When taken regularly, birth control pills cause hormonal changes in a woman’s body. In most cases, those changes prevent ovulation from taking place.
While women can get pregnant at any point during their menstrual cycle, the risks of pregnancy are especially high before and during ovulation. The prevention of ovulation is one of the main ways that birth control pills prevent fertilization from occurring.
Ovulation and Birth Control Pills
So the pill prevents ovulation — great, but what exactly does that mean? Let’s break it down:
What Is Ovulation?
Ovulation refers to the release of a mature egg from the female ovary.
For most women, ovulation is a regular occurance in the menstrual cycle. In the average cycle, ovulation typically begins sometime in the second week after the last menstrual period.
During ovulation, the egg moves from the ovary to the fallopian tube. Once released, it is viable for anywhere from 12-24 hours.
Because sperm can remain active for up to five days in the female reproductive system, the six days up to and including ovulation are known as the “fertile window.” The egg’s new location in the fallopian tube makes it much easier for sperm to reach it, greatly increasing the chances of pregnancy.
If fertilization does not occur in the 24 hours after ovulation, the egg will dissolve and the ovulatory period will be over. Over the next two weeks, hormone levels will decrease and the menstrual cycle will begin again.
How Do You Know if You Are Ovulating?
The best way to know whether you’re ovulating is by tracking the calendar. During the typical 28-day menstrual cycle, ovulation begins on day 14.
With that said, different women have different cycles. Yours might differ from the 28-day average.
You may also notice physical symptoms. Changes to your mood, body temperature, or the consistency of your vaginal fluid can all indicate ovulation is occurring.
Can You Get Pregnant When You’re Not Ovulating?
While ovulation is necessary for pregnancy to occur, having sex while not ovulating can still result in pregnancy.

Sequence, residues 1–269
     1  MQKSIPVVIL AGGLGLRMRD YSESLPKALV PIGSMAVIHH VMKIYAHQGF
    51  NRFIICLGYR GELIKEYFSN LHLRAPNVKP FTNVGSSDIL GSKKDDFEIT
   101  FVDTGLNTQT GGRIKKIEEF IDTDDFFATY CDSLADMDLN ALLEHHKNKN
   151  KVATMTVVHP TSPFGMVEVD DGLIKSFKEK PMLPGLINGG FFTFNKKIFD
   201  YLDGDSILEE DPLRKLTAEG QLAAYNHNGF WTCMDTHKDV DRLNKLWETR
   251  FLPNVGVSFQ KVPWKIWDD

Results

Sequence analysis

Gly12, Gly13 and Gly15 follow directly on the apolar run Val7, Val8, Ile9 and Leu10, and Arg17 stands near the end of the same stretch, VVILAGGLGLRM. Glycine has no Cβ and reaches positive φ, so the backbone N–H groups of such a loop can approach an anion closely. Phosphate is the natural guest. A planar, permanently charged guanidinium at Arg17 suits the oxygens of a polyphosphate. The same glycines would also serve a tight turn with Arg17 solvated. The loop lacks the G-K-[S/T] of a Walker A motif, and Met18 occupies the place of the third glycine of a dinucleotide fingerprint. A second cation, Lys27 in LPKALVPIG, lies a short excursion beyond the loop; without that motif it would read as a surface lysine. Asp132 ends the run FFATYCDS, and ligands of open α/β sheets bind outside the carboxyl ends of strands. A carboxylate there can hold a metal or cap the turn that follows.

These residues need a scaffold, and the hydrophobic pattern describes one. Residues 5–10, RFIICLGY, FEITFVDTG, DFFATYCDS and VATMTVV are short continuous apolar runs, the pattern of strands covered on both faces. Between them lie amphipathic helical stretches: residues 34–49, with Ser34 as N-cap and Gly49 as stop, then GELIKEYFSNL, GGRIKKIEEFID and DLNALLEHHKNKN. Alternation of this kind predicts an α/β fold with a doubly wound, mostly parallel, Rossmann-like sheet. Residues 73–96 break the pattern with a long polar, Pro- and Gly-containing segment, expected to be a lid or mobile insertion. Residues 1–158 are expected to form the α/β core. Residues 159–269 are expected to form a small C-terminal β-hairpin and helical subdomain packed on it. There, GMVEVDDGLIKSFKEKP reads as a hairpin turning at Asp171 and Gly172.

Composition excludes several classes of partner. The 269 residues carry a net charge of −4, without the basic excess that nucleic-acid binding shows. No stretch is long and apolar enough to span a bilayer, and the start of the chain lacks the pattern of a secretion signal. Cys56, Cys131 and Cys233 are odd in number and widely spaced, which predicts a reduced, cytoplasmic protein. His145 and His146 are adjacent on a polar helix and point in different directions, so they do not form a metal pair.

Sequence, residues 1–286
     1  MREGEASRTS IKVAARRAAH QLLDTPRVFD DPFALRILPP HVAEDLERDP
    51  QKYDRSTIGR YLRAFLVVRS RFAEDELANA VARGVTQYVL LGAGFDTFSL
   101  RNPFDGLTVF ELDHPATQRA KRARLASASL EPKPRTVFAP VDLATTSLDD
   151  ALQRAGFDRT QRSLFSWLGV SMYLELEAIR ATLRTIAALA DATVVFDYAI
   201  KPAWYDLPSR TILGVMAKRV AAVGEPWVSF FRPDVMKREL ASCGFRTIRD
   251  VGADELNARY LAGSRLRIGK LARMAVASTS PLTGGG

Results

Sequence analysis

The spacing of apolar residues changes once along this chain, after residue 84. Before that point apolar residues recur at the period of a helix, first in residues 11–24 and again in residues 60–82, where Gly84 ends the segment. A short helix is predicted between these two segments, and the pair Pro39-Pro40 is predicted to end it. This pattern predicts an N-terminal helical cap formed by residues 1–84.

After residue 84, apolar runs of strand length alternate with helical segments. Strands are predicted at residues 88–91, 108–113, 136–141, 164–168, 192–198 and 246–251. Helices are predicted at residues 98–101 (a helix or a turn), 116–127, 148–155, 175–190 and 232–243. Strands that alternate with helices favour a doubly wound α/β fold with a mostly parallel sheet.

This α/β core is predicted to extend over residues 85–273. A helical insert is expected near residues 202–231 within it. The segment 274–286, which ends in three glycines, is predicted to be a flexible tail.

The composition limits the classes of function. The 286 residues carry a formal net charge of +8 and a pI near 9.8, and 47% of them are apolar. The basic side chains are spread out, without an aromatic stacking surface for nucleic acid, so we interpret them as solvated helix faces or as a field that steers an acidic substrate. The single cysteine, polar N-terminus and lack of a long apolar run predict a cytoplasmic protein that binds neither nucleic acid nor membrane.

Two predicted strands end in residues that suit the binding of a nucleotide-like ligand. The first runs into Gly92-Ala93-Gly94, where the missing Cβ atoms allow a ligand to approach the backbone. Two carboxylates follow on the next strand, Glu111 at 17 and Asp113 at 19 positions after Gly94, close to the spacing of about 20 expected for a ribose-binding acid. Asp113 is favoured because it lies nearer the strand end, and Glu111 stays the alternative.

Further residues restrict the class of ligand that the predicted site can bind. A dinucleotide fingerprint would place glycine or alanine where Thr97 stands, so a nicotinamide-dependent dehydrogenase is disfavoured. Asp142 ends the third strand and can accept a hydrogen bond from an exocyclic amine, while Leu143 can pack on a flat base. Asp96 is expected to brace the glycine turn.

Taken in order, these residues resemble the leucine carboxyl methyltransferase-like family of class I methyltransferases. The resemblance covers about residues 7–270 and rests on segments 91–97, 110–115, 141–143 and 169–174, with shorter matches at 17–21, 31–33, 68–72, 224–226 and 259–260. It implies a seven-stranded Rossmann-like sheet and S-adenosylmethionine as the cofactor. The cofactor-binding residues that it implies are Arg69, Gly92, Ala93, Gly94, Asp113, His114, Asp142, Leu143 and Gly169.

Even outside of the fertile window, sperm can still survive in the female reproductive system. Rarely, they may persist until the next fertile window.
How Do Birth Control Pills Stop Ovulation?
Birth control pills lower the chances of pregnancy by interfering with the menstrual cycle and preventing the release of an egg.
The pill, along with other hormonal birth control methods like the patch and the shot, use some combination of estrogen and progestin to keep the egg from leaving the ovary.
Estrogen and progestin are hormones that women’s bodies produce automatically. Birth control pills slightly alter the levels of these hormones in a way that convinces the ovary not to release the egg during each cycle. If the egg is not released, conception cannot take place.
In order for the pill to work, it needs to be taken exactly as prescribed. The body is constantly attempting to return back to its natural hormonal levels, so birth control pills must be taken every day in order to keep the balance of hormones where it needs to be. If you’re taking the minipill — a progestin-only birth control — you need to be sure to take it within the same three-hour window each day in order to prevent egg release.
Is All of This Normal?
Altering levels of hormones in your body may sound scary, but there is nothing unusual or unsafe about how the birth control pill affects the body.
Preventing ovulation from taking place is unlikely to have any other serious effects on the body and is one of the most effective ways of preventing unwanted pregnancy. While some women may experience side effects while taking hormonal birth control, the pill is generally considered a safe and low-risk option for most women.
If you’re wondering whether birth control pills are the right option for you, reach out. Our team of medical experts here at Nurx is always available for questions.